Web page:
Sunday, May 26, 2024

Young farmer Sam Waugh plays it again!

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Young Farmer of the Year Northern Regionals’ top three, from left, were Sam Waugh [second], Caleb Eady [first] and Zarnie Fergusson [third].
His days of competing in Young Farmer of the Year are now behind him, however there is still plenty of work to be done at Donald’s Farm, Whitford, as JON RAWLINSON discovered.

After placing second in the recent Young Farmer of the Year Northern Regionals, Sam Waugh is (in some ways) quite happy to be put out to pasture.

As manager of Whitford’s Donald’s Farm, the Franklin Young Farmer will continue to put his experiences to good use by fostering fresh crops of young primary industry professionals.

“This was my last year competing [in Young Farmer] due to aging out next year. I have had an amazing time with my involvement in both NZ Young Farmers and the contest,” he says.

“I have met amazing people and made some incredible lifelong friends throughout my journey, gained many new skills and developed more ways to think clearly under pressure. The number of networks the competition has provided has been immense [and] this will definitely help with my work.”

Gifted to NZ Young Farmers in 2018 by the estate of the late Donald Pearson, Donald’s Farm is a working dairy operation serving as an outdoor, hands-on classroom. In addition to helping to the urban/rural divide by regularly hosts school groups to educate students (especially those from urban backgrounds) about farming, it provides a springboard for those interested in pursuing careers across the primary sector.

Sam Waugh, manager of Whitford’s Donald’s Farm, at the recent Young Farmer of the Year Northern Regionals.

The farm is also a regular participant in the Open Farms programme and works with initiatives such as Nature’s Den and Trees for Survival Charitable Trust. Sustainability is at the heart of the farm’s goals, as demonstrated during the recent Auckland regional Ballance Farm Environment Awards (BFEA).

Sam secured four prizes for Donald’s Farm. “It was a most rewarding experience for the whole team. We entered to get some feedback from experts in their fields about where the work we are doing in the environmental space, so to take out a number of category awards was an amazing surprise and very encouraging for the work we are doing here.”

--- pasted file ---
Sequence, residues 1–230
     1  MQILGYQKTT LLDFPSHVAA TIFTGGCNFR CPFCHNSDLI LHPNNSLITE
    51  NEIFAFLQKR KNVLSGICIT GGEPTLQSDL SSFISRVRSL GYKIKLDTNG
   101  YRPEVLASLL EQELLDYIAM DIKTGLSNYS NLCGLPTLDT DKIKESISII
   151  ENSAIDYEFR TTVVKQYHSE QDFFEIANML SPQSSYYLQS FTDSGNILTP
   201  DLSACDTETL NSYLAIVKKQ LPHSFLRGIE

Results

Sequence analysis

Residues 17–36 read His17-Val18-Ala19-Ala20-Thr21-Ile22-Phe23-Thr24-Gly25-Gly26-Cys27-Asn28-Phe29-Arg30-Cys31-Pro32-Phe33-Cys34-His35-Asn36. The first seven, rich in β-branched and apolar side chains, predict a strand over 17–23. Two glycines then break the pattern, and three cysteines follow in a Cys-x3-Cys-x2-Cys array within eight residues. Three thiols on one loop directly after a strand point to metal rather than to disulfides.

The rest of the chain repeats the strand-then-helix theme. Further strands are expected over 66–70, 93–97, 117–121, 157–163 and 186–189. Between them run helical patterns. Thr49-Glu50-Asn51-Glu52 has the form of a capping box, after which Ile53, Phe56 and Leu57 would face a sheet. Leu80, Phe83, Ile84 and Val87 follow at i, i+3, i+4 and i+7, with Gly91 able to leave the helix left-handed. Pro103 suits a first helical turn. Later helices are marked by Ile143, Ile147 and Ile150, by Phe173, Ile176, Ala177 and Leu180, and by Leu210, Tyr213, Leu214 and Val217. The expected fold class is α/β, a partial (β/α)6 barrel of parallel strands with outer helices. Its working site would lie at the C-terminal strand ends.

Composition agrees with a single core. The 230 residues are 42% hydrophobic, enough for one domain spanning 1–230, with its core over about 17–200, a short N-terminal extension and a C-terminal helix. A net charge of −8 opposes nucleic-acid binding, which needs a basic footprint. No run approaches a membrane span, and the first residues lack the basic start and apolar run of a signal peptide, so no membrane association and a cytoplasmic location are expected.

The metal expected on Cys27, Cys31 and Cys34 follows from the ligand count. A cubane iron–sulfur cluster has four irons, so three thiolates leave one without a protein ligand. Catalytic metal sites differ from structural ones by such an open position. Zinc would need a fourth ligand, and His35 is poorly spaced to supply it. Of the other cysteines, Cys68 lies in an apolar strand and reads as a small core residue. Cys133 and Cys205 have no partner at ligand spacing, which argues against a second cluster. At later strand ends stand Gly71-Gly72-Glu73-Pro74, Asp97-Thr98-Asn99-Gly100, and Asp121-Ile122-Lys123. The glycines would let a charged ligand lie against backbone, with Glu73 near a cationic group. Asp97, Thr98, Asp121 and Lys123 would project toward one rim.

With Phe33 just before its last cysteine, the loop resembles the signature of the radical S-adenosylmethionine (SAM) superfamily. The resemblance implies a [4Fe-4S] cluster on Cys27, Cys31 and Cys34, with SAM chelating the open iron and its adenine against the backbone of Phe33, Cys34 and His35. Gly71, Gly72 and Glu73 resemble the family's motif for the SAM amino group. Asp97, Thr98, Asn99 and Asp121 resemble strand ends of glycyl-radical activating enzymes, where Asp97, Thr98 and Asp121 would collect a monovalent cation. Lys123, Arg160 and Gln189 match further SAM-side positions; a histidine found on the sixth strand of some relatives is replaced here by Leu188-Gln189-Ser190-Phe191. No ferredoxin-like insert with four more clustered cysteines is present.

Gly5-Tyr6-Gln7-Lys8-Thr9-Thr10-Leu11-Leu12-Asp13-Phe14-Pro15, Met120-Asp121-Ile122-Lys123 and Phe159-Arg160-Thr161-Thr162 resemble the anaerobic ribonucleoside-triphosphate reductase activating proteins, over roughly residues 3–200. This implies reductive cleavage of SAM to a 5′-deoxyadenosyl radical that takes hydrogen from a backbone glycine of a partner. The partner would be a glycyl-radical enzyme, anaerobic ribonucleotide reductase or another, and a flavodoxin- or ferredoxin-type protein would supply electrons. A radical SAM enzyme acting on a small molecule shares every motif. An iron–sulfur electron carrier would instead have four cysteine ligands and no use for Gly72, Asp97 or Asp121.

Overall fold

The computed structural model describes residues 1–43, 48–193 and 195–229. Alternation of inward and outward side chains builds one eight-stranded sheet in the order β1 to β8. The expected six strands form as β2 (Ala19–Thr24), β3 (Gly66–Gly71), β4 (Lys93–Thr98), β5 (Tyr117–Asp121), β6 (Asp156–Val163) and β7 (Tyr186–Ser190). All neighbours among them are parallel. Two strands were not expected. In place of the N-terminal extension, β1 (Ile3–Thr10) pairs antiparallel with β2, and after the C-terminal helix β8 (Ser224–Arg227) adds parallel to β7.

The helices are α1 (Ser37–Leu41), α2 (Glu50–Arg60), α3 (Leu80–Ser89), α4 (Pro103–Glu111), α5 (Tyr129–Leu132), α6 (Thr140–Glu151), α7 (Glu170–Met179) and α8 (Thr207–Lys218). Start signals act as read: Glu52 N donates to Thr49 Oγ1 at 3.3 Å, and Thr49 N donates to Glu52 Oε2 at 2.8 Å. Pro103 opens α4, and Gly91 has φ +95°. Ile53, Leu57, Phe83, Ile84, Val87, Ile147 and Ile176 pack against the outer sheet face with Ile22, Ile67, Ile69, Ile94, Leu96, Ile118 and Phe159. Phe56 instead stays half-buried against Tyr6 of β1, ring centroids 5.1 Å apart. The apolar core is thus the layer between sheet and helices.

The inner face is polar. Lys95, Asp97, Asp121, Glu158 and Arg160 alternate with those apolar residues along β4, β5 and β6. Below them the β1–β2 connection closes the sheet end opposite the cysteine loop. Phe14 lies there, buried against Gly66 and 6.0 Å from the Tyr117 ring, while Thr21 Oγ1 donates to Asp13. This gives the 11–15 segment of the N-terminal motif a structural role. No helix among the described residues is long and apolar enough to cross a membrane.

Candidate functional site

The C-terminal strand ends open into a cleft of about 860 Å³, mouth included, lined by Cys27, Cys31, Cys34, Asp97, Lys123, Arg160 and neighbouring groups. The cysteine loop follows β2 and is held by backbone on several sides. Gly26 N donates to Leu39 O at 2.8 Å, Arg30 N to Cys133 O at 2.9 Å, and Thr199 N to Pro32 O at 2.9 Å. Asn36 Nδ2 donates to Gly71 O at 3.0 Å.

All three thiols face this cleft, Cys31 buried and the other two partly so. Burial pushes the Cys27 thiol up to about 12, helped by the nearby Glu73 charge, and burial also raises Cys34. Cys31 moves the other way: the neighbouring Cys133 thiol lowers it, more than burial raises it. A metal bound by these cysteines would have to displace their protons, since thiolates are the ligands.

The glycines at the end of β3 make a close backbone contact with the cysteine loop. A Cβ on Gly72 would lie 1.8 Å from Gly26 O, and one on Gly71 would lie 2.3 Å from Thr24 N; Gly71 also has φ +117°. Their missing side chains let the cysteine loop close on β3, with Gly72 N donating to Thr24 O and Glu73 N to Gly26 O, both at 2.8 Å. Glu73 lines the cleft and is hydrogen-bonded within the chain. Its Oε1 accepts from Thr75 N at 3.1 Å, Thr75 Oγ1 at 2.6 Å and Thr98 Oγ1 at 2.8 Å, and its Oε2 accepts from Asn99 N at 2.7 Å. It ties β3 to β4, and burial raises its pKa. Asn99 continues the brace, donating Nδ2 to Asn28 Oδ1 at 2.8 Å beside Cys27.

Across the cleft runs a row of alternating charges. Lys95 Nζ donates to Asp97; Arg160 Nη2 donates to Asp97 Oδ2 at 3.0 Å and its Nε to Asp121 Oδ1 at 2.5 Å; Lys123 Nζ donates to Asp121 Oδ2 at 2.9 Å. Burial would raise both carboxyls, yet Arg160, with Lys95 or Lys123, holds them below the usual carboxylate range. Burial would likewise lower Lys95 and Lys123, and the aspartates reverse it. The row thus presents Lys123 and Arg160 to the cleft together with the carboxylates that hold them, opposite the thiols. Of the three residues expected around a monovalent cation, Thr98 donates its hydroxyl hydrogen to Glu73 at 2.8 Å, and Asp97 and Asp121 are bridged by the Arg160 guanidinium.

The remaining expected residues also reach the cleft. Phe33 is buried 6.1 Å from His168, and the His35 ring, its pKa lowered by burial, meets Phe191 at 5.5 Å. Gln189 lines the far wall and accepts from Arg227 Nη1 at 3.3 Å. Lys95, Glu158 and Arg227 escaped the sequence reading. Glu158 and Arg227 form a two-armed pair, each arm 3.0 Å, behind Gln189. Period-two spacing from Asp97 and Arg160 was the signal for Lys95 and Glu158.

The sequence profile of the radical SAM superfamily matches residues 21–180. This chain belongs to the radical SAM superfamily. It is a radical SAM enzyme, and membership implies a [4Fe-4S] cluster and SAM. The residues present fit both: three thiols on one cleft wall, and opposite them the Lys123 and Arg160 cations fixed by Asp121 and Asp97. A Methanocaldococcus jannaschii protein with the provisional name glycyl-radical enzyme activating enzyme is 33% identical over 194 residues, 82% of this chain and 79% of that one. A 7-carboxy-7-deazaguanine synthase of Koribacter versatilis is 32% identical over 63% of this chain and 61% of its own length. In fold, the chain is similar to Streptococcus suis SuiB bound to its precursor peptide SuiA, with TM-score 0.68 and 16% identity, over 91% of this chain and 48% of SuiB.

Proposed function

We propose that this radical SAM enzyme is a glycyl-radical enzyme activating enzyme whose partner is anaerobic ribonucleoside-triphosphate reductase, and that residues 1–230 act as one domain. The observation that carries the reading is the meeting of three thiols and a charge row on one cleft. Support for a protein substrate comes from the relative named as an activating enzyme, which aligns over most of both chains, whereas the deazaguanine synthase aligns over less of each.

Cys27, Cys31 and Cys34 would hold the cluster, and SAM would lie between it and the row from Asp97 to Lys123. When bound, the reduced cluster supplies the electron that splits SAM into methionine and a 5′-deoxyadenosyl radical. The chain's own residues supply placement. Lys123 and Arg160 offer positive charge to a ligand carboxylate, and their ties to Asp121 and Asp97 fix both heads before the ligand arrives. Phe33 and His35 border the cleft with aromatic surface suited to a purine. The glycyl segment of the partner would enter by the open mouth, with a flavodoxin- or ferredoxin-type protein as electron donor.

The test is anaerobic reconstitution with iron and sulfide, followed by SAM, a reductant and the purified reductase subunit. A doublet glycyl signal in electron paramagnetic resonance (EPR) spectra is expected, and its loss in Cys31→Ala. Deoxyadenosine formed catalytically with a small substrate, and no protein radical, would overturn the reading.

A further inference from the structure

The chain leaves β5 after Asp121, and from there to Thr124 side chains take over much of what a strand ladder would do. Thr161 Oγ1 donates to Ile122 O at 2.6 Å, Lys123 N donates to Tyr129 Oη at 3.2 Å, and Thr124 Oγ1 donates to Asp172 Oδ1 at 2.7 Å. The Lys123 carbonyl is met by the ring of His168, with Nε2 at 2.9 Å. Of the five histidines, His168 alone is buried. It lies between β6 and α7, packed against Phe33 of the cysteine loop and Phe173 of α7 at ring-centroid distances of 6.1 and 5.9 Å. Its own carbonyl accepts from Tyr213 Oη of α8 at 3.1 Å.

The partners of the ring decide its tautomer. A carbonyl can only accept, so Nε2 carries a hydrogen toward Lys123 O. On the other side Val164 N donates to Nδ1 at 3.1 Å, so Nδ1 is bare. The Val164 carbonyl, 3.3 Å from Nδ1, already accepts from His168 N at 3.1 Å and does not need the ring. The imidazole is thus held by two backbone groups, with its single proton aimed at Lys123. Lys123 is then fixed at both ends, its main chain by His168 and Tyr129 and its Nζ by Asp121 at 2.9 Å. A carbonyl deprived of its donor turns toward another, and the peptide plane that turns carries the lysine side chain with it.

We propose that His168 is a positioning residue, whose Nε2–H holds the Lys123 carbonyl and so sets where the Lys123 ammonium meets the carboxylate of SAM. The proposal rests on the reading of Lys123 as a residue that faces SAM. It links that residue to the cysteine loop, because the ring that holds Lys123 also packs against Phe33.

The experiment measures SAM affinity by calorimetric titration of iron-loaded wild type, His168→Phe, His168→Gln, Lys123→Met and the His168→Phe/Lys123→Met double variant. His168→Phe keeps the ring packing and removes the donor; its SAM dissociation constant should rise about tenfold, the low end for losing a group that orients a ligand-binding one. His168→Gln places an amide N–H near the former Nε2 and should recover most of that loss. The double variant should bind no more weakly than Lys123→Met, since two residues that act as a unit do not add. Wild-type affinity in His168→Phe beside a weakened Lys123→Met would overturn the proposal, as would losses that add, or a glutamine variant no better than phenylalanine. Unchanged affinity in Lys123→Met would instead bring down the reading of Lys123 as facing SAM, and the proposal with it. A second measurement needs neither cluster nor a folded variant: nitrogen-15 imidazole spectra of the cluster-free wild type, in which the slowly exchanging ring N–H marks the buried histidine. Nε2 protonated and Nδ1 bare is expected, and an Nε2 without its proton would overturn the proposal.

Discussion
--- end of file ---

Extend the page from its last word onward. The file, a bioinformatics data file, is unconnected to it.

While BEFA assesses organisations’ efforts across the board, Young Farmer of the Year is a more personal affair – participants compete in farm-related challenges designed to test their individual skills.

“I have treated the BFEA and NZ Young Farmer competitions quite separately as they have very different purposes and I had very different reasons for entering them,” Sam confirms.

After placing third in Young Farmer’s Northern Regionals in 2022, Sam was second (to fellow Frankliner, Lisa Kendall) last year. In April, he again finished as runner-up, this time to Northlander Caleb Eady.

“It was rather disappointing to find myself in the ‘bridesmaid’ position again, to come up just short was not the result I was wanting. However, it was a very tight regional final,” he reflects.

Sam Waugh. Photo Dairy NZ

“All of the competitors gave it a strong crack, which certainly pushed me on. Given there’s so many points on offer, for the competition to come down to only two points between us [Sam and Caleb] highlights how well fought it was.”

The Young Farmer of the Year Grand Final will take place in Hamilton, July 11-13, contested by seven regional winners.

“The Northern region has a tight group of members and I have known Caleb for a number of years, so I’ll definitely be cheering him on,” Sam adds.

“He’s a great competitor and an even better guy. I’ll be putting my full support behind him as he heads to the big showdown and I know he will give it a really good go.”

As for Sam, he has plenty to keep him busy back at home in east Auckland. A Fielding dairy farmer’s son, he studied at Lincoln University in Christchurch before moving to England where his big OE was cut short by Covid.

He has been helping others learn the ropes at Donald’s Farm. “One of the biggest assets of this farm is its location,” he said, soon after taking on the role of farm manager in 2020.

“Being so close to Auckland allows us to showcase agriculture to children who may, otherwise, never set foot on a farm. I think we make a difference in educating people about farming and bridging that rural/urban divide – the better we understand each other, the better our society will be.”

  • For more about Sam’s work and results from Young Farmer of the Year are accessible via

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